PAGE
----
A recent study shows that 52 per cent of SMEs do not use social media. Yet social media offers a quick and simple way of establishing a web-presence, without the time or cost implications of a bespoke website.
Here are ways in which growing companies can utilise social media to help them improve and become a business leader not a follower.
1) Engage and interact
Don’t build branded social platforms; build interactive membership communities of people who are interested in your products and services.
Intuit, a provider of accounting software to small businesses, launched its “Small Business Britain” campaign to bring together the voices of small businesses in an online community. Through LinkedIn and Facebook, more than 30,000 people have now engaged with the company.
And Blendtec, a blender maker, experienced a 600 per cent increase in their blender sales after they started their online campaign, which reached over 12 million hits on YouTube.
2) A multitude of mediums
Try not to rely solely on one platform. Mix it up a little and use a variety of mediums to spark a debate and social interaction, reaching a number of different users and audiences.
ASOS, the online fashion retailer, grew in just ten years from being a startup to employing more than 1,000 people. A key part of this strategy has been using social media for specific issues – in addition to its main account, ASOS has dedicated Twitter profiles for updates on postal orders and its customer service team, while its Facebook page shares fashion news and competitions.
3) The social benefit of incentives
All memberships have benefits – from supermarket loyalty cards to gym memberships –and online communities are no different.
Be broad in the scope of your incentives and make sure that those who contribute are rewarded.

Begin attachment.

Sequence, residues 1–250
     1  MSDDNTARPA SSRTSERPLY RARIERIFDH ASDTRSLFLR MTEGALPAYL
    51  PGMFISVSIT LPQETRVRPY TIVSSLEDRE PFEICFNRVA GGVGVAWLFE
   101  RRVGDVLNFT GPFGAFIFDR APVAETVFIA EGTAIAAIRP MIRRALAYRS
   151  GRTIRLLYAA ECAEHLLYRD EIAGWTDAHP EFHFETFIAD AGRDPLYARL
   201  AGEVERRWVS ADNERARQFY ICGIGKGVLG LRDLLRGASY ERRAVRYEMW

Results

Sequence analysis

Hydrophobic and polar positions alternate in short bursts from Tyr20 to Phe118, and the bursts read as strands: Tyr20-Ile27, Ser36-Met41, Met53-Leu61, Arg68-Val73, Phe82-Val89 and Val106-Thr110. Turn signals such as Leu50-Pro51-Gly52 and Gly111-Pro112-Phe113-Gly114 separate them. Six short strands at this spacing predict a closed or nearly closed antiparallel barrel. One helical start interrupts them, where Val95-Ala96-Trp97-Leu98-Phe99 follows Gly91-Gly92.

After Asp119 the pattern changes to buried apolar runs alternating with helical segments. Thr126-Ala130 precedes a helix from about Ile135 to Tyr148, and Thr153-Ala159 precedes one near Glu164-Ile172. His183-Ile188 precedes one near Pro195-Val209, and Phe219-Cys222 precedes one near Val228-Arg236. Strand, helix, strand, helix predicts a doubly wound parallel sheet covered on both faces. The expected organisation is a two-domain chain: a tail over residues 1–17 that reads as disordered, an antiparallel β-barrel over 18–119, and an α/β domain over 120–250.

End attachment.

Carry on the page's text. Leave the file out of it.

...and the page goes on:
4) The business impact of incentives
Consider ways in which offering incentives will benefit your business. Tailor-make your incentives; there’s no “one size fits all”.
5) Don’t neglect blogging
Social media goes beyond being simply a communication tool. It’s also a valuable research tool and you should consider what you would like to find out from your customers and which platforms are the best to achieve this.
The use of blogging is a great way to find out what your customers are saying.
6) Create a sense of belonging
Work hard at building a real community rather than being a transient participant in a digital world.
Second-hand website Preloved.co.uk established itself as one of the largest classified advertising sites in the UK by focusing on the community aspect of selling unwanted items, rather than the economic aspects.
Unlike eBay, there are no listing fees or sales charges, and items are prioritised to geographic proximity. Their pitch is “find a bargain, make a friend” and the combination of their website, Twitter and Facebook has helped drive the business to being one of the top-10 fastest growing SMEs websites on the web in 2011.
7) Social capital
The development of social capital within an online community is a key aspect of people acknowledging opinion leaders and focal points.
8) Create a conversation
Building online communities isn’t all about brand “love-ins” – it’s about sparking and maintaining social interactions. Customers with conflicting viewpoints are just as important as customers who adore your brand.
The emergence of Mumsnet and Netmums was complete when they became an election battleground in 2010, with the leaders of all three major parties joining special web chats.
Currently, Mumsnet has 1.3 million members and 25,000 posts a day are entered onto the site, while Netmums has over 23 million page views a month. Both have fostered communities around advice, counter-advice and discussion – highlighting the value of not only communicating with customers, but enabling customers to talk to each other. The explosion in user-generated review websites is another reflection of this trend.
9) Create demand
Inform people about up-and-coming products and services creating excitement and hype. By doing this, the demand is there even before the product is launched.
In San Francisco, one man and a crème brûlée cart used social media to not only create demand, but sustain it. Curtis Kimball now uses Twitter to share his daily location and the flavours available to more almost 20,000 people – while his followers distribute this information to their own followers, pure digital word-of-mouth.
10) Watch the competition
Social media is a fantastic platform to monitor competitor activity without being noticed. Google Alerts is a good place to start but there are a lot of other tools to help you monitor similar activity.
Dr David Grundy is principal lecturer, Accounting and Financial Management, at Newcastle Business School, Northumbria University.
Share this story